This is a brand new saga, and a new generation. There is no need to read the BEYOND series. However, for readers of the series, you will enjoy this continuation of the epic science fiction adventure.

Zon is not your usual teenager having an identity crisis—his crisis comes about because he’s what we used to call, very crudely and meanly, a half-breed and that’s how most people see him. What makes him truly different from the kids we see around us is that it is his Earthling side that’s foreign. Zon is the son of an Earth-born human and a native of the planet Ziratak. Zak and Aimee are handsome people and well-respected but Zon, unfortunately, is not seen in quite as generous a light.

Zon does have one very good friend, JOH, and the two are inseparable, JOH being an android who understands his young companion very well. JOH is a good listener and he helps Zon get through his angsty times. One day, the two discover a portal to other worlds, eventually one that happens to be Earth on a different plane, and Zon and JOH’s excellent adventure begins. Naturally, they meet a girl, Cassy, and Zon will have to make a crucial choice that will affect the rest of his life.

Zon is a charming, lighthearted science fiction tale with an appealing plot and truly likeable characters, most especially JOH and it’s refreshing to have a teenaged boy as the protagonist. Also, if I ever get to experience having an android for a friend, I hope he or she will be half as interesting and funny as JOH. 😄

Reviewed by Lelia Taylor, July 2020.

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An Excerpt from Zon

Zon picked up on another sound. Hoofsteps. Footsteps. The tread of some unimaginable creature.

He spun, confused by the acoustics. As he swung back, he distinctly heard the approach from his right. Wrenching the utility beacon off his belt, he retreated a step towards the whirling shadows in the grove of trees.

A creature crested the hill, it’s blue beak the first thing visible.

“Oh!” It cried, lifting its head and freezing.

Zon swallowed, his legs paralyzed between flight and fight.

“You scared me,” a soft voice claimed. “I’ll just–go–”

The blue beak pivoted, although now he recognized it wasn’t a beak at all. It was a headpiece of some sort. The word eluded him, but he remembered seeing one before.

“Wait,” he called.

The figure halted, but did not look back.

“You speak–” he hesitated, assessing the slight profile, “—English?”

The hat snapped back and brown eyes narrowed under the shade of the brim.

Baseball hat! That’s what his mother called it.

“Uhh, yeah.”

The figure cocked its head.

She.

Not it.

He was pretty sure it was a female, but the slim figure was cloaked in oversized garments, and the long hair was pulled back by a twine, which was something the males on Ziratak did.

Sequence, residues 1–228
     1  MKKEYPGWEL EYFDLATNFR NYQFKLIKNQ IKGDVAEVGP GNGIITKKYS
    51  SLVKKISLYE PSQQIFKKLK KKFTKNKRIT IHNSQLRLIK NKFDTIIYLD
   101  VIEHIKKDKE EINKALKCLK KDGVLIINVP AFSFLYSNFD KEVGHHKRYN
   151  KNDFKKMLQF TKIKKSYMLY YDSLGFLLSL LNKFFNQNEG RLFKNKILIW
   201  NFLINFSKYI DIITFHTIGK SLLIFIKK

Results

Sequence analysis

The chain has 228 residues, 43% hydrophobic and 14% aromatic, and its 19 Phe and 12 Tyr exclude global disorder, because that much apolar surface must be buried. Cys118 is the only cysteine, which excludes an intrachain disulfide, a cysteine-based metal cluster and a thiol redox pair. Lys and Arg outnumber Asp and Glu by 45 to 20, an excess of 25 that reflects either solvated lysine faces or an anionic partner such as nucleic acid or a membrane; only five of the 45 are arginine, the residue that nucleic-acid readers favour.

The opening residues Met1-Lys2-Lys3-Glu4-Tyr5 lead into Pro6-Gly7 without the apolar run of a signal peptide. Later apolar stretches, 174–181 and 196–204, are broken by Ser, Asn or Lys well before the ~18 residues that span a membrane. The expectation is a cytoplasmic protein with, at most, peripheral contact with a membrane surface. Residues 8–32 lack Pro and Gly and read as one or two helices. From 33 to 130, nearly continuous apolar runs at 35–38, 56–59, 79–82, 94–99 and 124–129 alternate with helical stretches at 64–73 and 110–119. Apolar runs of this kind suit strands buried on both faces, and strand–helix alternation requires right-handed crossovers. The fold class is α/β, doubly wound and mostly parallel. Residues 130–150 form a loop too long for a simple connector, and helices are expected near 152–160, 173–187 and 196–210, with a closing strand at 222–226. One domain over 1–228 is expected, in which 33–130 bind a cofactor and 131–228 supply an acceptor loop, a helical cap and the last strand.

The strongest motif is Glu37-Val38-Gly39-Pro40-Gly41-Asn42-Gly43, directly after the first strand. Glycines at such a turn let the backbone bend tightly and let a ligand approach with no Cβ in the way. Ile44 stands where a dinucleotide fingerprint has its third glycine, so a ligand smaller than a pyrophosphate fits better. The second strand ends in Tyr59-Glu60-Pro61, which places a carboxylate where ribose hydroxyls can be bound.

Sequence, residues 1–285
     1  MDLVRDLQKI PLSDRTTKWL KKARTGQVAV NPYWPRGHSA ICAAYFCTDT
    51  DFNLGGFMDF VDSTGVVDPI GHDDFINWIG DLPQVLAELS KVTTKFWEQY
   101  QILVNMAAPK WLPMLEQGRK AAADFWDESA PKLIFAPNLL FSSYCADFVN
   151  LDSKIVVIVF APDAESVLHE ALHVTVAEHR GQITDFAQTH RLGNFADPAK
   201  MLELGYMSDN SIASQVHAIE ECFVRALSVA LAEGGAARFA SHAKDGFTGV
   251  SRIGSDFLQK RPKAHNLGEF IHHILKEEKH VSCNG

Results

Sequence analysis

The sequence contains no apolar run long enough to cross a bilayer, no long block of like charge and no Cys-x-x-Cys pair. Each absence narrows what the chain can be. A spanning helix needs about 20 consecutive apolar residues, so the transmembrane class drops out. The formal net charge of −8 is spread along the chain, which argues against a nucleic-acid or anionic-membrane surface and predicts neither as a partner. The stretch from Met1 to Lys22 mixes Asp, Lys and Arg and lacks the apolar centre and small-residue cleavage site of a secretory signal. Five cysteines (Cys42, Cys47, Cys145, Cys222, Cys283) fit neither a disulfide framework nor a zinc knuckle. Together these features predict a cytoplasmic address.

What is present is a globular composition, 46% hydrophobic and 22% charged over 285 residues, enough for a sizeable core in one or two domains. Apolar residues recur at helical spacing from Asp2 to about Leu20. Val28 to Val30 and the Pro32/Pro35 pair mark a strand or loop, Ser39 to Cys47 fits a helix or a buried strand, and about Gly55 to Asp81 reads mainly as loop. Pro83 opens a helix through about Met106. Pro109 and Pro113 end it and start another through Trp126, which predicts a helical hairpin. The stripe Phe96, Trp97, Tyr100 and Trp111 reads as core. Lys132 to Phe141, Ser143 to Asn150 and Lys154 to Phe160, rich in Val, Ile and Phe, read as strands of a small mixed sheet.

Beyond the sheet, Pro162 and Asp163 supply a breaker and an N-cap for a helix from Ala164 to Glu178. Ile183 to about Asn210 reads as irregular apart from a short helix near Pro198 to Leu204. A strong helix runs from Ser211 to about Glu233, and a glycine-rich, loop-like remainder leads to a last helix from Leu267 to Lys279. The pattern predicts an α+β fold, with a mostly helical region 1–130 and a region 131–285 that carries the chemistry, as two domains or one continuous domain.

The brown eyes slid down his body.

“Your pants are moving,” she observed with a slight blush.

A nagging thump against his thigh alerted him that JOH was trying to get out. Zon slapped his hand down to still the motion.

“It’s just my droid.” He shrugged uncomfortably.

“Droid? Oh, your drone? Were you flying it?”

Her head tipped back and he saw a pale throat.

“Good day for it,” she murmured, and stared curiously at him.

English.

She was talking to him in English.

And she looked mecaw–human.

Zon took another glance around, hoping that his body eclipsed the swirling portal behind him.

“Is this Earth?” he asked, searching the trees, but not seeing any buildings.

The girl’s eyes flared in alarm. She stumbled backwards.

Inside his pants pocket, JOH demanded attention, his incessant vibration driving Zon crazy. He pulled open his pocket to give the droid a stern look. JOH’s animated face was replaced with a string of text.

This IS Earth!

Childhood alarms registered in Zon’s mind. The last time he came to this planet he was quite young. But he remembered his mother’s caution.

Don’t say you’re from another planet.

Most of the people on Earth don’t know much about intergalactic travel. They don’t know about life in other galaxies. And what they don’t know–scares them.

Remember, you are half Earthling.

On Earth your name is Jon. It is for your protection.

Half Earthling.

All that it meant was he was a Gorzot…again.

Encouraged that the female hesitated in her flight, he tried for a more reasonable approach.

“Umm, just kidding,” he fumbled. “I’m not from here.” Where’s here? “I’m visiting.”

A tentative glimpse over her shoulder, and the woman–girl–she looked young–more like his age–finally turned back to face him.

“I can tell.”

He felt awkward under her probing gaze, but he always felt awkward when anyone looked at him for too long.

“How can you tell?”

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About the Author